Mathematical techniques have been used to predict household food expenditure using data collected from 216 randomly sampled households in Kenya, Tanzania and Uganda in the Lake Victoria watershed. Findings reveal that household size and annual household income if taken together have an influence on annual household food expenditures. We have built a model that combines predictive and decision theories and have used the model to design a decision support system to classify the researched households into categories of food security levels. The Decision Support System shows that 13.3% of respondent households are food secure, 35.5% are average food secure and 51.2% are food insecure for all the three countries. We believe the data from Kenya, Tanzania and Uganda are similar due to the fact that the living style of population in Lake Victoria watershed is almost the same regardless of the effort of each country. Since Rwanda is in Lake Victoria watershed we assume population lives the same style as studied countries. We applied the decision support system on the Rwanda governance structure and proposed a data collection system and information management system which are incorporated in the decision support system to be used by the local government leaders. This should aid decision making in monitoring household food security by local governments and can be extended to districts in the Lake Victoria watershed in Burundi, Kenya, Rwanda, Tanzania and Uganda. Data collection and model use will not need extra inputs in terms of funds, software and expertise.

  11. Increasing Women's Participation in Science, Mathematics and Technology Education and Employment in Africa (2010).

    The stereotyping of knowledge and skills given to girls and boys at the introduction of formal schooling combined with marginalisation and discrimination against women continues to influence the gendered nature of education even today and hence determines the occupation of men and women.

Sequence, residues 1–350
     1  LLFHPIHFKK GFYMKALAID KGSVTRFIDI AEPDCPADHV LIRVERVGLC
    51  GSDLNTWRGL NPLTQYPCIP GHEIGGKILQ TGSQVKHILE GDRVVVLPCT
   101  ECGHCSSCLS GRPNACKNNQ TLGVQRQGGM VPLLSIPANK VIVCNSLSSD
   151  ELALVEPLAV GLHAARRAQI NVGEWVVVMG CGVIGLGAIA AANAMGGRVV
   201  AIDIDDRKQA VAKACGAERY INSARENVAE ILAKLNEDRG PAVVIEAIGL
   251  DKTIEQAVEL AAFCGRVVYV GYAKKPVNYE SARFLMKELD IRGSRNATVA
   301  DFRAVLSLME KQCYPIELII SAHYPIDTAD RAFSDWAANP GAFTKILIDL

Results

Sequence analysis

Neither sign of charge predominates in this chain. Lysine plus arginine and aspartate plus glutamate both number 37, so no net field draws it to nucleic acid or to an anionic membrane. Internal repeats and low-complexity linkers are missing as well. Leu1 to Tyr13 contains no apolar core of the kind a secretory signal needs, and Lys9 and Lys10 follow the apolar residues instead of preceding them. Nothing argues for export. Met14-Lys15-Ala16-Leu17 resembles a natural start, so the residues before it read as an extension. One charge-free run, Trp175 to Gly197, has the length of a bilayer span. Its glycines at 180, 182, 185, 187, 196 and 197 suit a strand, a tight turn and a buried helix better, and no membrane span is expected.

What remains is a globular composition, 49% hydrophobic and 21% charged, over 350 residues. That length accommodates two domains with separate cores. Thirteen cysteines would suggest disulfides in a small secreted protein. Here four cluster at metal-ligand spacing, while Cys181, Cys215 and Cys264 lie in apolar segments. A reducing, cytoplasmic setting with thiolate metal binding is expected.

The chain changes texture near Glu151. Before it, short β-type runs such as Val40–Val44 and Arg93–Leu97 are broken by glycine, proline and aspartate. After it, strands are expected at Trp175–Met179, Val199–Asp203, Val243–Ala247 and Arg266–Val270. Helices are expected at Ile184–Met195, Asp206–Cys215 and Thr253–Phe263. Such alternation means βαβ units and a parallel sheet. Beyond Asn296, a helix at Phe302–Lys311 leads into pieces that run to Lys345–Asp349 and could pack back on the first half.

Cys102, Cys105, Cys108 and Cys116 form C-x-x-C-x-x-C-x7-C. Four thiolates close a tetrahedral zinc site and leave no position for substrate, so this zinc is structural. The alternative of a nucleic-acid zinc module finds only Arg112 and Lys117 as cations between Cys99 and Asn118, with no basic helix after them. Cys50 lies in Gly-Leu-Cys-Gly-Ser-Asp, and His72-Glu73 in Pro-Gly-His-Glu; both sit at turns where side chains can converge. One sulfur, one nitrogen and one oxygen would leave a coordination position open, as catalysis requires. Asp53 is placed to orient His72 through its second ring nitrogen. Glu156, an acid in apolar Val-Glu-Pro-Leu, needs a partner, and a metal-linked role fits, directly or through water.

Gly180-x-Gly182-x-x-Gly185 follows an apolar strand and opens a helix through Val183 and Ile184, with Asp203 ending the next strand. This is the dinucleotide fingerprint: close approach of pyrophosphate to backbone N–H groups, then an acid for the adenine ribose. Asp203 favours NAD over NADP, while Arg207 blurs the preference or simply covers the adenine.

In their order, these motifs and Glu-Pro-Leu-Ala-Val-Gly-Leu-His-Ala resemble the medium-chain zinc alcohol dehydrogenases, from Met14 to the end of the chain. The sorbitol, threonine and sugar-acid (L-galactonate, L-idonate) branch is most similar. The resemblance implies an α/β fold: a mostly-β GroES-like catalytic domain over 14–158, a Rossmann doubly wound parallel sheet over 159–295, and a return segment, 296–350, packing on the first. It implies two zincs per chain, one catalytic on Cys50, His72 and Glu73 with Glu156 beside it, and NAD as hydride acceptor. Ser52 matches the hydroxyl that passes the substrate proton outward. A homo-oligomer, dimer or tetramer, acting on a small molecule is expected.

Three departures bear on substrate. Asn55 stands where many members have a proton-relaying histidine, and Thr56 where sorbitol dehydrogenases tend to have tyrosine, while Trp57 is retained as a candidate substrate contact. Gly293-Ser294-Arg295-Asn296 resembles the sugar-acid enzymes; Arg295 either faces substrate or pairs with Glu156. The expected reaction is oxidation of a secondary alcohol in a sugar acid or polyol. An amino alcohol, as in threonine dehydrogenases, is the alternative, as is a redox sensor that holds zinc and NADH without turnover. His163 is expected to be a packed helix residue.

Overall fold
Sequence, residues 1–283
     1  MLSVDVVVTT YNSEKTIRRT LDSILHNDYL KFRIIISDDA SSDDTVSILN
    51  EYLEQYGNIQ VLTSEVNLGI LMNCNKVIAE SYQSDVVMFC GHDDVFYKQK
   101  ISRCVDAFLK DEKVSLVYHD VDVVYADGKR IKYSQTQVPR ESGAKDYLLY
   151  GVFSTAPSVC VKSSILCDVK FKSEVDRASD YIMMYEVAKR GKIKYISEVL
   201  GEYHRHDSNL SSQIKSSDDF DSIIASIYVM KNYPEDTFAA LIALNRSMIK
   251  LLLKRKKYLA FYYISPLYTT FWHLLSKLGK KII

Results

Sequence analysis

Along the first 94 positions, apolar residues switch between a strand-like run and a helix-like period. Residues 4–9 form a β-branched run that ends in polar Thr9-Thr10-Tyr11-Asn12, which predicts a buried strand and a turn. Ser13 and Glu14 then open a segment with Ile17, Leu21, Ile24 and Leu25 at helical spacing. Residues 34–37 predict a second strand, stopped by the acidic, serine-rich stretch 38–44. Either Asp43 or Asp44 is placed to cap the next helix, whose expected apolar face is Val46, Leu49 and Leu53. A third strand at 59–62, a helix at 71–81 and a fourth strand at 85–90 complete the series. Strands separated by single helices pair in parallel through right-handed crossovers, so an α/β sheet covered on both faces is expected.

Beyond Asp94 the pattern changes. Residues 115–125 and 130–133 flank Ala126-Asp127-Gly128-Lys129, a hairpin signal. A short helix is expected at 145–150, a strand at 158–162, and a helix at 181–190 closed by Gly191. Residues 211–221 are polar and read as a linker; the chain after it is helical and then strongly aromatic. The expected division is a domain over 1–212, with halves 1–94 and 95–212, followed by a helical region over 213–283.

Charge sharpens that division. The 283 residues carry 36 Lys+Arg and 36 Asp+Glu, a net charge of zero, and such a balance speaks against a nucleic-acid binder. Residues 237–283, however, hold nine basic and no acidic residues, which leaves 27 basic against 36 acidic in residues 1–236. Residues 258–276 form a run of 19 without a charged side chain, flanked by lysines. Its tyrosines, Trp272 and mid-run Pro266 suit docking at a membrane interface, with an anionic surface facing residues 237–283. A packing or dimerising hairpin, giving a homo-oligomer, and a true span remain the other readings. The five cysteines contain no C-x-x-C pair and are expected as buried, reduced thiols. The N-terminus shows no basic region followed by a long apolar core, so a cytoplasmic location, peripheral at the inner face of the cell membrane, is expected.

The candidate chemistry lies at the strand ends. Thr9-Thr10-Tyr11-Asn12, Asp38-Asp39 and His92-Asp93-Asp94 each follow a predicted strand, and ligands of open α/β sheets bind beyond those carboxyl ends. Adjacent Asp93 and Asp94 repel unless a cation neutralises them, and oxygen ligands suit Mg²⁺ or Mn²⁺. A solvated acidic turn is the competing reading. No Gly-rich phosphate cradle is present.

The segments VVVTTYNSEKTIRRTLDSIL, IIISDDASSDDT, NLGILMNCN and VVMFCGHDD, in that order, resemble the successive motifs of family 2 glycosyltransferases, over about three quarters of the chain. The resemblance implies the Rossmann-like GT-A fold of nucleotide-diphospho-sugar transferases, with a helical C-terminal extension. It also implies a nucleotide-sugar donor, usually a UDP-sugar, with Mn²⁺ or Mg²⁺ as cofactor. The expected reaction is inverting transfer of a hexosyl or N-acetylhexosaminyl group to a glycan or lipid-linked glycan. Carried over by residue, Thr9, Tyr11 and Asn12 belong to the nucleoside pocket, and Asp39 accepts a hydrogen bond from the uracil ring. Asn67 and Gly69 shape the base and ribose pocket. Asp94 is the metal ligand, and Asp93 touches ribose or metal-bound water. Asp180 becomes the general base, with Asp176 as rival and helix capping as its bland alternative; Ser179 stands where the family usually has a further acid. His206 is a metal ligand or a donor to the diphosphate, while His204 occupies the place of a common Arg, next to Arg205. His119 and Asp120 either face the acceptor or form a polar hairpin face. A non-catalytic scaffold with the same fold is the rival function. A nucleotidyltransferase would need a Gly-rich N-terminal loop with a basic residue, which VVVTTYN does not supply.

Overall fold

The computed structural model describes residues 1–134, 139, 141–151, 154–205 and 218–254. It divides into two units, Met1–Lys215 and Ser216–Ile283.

12. Empowering women in research: the case of the National University of Rwanda (2011).

  13. Prediction of the Likelihood of Households Food Security in the Lake Victoria Region of Kenya (2011).

    This paper considers the modelling and prediction of households food security status using a sample of households in the Lake Victoria region of Kenya. A priori expected food security factors and their measurements are given. A binary logistic regression model derived was fitted to thirteen priori expected factors. Analysis of the marginal effects revealed that effecting the use of the seven significant determinants: farmland size, per capita aggregate production, household size, gender of household head, use of fertilizer, use of pesticide/herbicide and education of household head, increase the likelihood of a household being food secure. Finally, interpretations of  predicted conditional probabilities, following improvement of significant determinants, are given.

  14. An Optimal Design Model for New Water Distribution Networks in Kigali City (2011).